Responses to Climate Change and the Central Bank's Mandate

From a medium- to long-term perspective, climate change could have an extremely large impact on developments in economic activity and prices as well as financial conditions. From a central bank standpoint, with its mandate of achieving price stability and ensuring the stability of the financial system, supporting the private sector's efforts on climate change will help stabilize the macroeconomy in the long run.

Now let us look at the effects of climate change in detail, starting from the economic perspective. There has recently been an increase in constraints on economic activity, such as supply chain disruptions caused by natural disasters. In the medium to long run, there is the possibility that a decrease in investment and employment in industries with significant greenhouse gas emissions will exert downward pressure on economy activity. On the other hand, there will be new opportunities, such as an increase in investment related to renewable energy. The future course of economic activity is highly uncertain. Prices and wages could be affected by both natural disasters and the various measures introduced for the transition to a carbon-neutral society. On the financial system front, assessment of "physical risk" and "transition risk" will be important. Here, "physical risks" refers to the risks that physical phenomena triggered by climate change, such as large-scale disasters and rising sea levels, will have a negative impact on firms and households. "Transition risks" refers to the risks of an economic impact on firms and households due to changes in policy, technology, or consumer preference as we move toward a carbon-neutral society. Depending on our responses, both risks could adversely affect the financial system by changing the investment or lending behavior of financial institutions, both qualitatively and quantitatively.

Responses to Climate Change and Market Neutrality

Let me next look at responses to climate change and the issue of market neutrality. This is particularly important in considering monetary policy measures.

I will first talk about the basic thinking of market neutrality. Central bank operations affect society and the economy in many ways. In conducting operations, central banks should try to affect the overall macroeconomy while avoiding involvement in micro-level resource allocation as much as possible. However, when central banks provide funds by purchasing financial assets, either through conventional or unconventional monetary policies, they not only change the macro interest-rate level but also affect the relative prices of individual financial products. Therefore, when considering the impact of central bank policies, I think that market neutrality needs to be interpreted with some latitude.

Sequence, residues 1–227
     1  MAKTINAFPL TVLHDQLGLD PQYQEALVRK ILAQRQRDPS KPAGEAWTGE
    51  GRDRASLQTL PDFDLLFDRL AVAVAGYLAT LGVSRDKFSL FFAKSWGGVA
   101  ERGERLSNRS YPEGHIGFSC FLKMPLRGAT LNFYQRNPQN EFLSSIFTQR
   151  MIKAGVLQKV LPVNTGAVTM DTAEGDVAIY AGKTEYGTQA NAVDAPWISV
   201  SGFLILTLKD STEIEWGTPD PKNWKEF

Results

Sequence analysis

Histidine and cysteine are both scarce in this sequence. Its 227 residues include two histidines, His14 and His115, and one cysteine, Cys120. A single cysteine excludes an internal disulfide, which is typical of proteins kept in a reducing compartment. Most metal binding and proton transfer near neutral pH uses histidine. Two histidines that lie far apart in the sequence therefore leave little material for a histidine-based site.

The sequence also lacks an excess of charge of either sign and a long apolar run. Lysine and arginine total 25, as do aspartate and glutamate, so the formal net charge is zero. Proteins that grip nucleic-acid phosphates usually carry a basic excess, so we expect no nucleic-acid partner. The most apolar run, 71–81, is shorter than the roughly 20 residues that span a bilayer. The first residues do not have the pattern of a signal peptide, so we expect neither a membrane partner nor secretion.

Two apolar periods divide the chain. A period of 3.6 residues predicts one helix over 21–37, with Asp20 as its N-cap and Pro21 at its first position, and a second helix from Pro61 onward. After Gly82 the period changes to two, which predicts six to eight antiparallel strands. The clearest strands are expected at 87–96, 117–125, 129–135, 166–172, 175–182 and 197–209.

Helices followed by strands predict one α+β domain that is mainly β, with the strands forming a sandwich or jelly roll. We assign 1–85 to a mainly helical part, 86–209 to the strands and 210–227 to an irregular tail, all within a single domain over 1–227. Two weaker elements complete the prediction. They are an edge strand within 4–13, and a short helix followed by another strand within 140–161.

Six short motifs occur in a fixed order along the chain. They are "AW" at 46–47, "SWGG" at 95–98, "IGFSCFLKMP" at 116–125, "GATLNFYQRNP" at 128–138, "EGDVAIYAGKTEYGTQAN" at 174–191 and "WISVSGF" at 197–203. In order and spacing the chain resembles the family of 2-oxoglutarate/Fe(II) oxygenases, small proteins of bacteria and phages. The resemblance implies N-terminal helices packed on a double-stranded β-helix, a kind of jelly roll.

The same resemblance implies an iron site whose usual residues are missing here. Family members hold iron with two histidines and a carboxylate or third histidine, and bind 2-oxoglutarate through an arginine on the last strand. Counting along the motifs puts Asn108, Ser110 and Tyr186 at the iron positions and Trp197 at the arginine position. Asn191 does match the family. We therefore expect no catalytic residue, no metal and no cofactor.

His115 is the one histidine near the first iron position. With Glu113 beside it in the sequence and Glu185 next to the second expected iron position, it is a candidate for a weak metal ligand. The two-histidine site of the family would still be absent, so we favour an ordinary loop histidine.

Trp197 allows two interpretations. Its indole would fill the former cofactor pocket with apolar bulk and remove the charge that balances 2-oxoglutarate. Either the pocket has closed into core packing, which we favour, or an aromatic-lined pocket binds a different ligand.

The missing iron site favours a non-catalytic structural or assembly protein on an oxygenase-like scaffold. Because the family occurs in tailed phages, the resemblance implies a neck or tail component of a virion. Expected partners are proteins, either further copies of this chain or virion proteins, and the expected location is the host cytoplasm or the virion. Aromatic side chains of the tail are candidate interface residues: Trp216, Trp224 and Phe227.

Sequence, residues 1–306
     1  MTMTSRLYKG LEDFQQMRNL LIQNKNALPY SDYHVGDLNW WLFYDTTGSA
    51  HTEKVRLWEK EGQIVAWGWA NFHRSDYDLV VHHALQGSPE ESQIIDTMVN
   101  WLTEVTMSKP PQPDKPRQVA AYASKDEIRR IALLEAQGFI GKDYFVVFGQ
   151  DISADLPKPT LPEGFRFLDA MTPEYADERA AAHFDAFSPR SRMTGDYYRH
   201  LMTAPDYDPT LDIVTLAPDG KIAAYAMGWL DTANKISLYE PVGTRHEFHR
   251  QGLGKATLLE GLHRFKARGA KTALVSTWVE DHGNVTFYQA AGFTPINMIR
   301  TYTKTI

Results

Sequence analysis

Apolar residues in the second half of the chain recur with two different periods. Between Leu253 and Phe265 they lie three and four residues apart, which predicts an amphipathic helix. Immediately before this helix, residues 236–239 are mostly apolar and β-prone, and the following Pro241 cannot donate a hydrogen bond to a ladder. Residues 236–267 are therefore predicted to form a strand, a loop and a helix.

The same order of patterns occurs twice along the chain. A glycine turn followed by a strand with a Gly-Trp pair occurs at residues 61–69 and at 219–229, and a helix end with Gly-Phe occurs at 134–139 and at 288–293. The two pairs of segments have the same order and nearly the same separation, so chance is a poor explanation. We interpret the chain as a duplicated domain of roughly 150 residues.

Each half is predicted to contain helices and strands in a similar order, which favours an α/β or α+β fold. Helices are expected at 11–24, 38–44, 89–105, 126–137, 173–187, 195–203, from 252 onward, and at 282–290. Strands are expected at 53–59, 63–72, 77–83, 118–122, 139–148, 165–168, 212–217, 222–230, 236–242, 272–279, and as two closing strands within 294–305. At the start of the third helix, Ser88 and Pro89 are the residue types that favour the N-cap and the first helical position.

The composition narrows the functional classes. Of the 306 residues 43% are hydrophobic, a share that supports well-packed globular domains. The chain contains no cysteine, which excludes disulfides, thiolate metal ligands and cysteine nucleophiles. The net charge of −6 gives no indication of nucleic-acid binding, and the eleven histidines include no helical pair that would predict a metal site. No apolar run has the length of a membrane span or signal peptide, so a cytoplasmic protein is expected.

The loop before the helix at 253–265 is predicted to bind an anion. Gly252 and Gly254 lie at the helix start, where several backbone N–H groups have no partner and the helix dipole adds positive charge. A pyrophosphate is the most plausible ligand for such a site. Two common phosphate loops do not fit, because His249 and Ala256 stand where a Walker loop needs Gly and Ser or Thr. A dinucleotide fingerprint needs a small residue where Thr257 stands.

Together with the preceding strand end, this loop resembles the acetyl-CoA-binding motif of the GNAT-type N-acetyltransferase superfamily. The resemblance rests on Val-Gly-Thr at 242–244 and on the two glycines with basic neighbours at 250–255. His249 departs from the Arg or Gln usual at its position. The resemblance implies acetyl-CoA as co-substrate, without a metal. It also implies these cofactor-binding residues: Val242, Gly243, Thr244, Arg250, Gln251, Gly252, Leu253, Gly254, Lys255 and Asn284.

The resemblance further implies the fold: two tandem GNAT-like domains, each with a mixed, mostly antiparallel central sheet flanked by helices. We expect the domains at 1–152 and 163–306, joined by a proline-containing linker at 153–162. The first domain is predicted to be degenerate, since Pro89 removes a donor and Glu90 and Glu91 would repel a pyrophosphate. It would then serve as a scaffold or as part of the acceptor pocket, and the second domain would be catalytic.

When focusing on climate change issues, there is the question whether the neutrality of resource allocation is ensured simply by treating existing investment or loans equally. If private sector investment or loans are decided without taking into account the "negative externalities" caused by greenhouse gases, does this not affect the neutrality of resource allocation? If there were a portfolio comprising private sector investment or loans that took into consideration these negative externalities, it may be socially desirable for central banks to provide funds to correspond to such a portfolio.

As I mentioned earlier, society as a whole has been tackling the negative externalities by intensifying efforts to address climate change. As this trend is expected to continue, providing support for such society-wide initiatives can be interpreted as falling within the broad definition of market neutrality. That said, it is certainly necessary for central banks to devise ways to avoid involvement in specific resource allocations as much as possible.

IV. The Bank's Measures

In formulating the Bank of Japan's Strategy on Climate Change, the Bank examined various measures in view of the aforementioned issues of a central bank's mandate and market neutrality. In what follows, I will explain each measure in detail.

Monetary Policy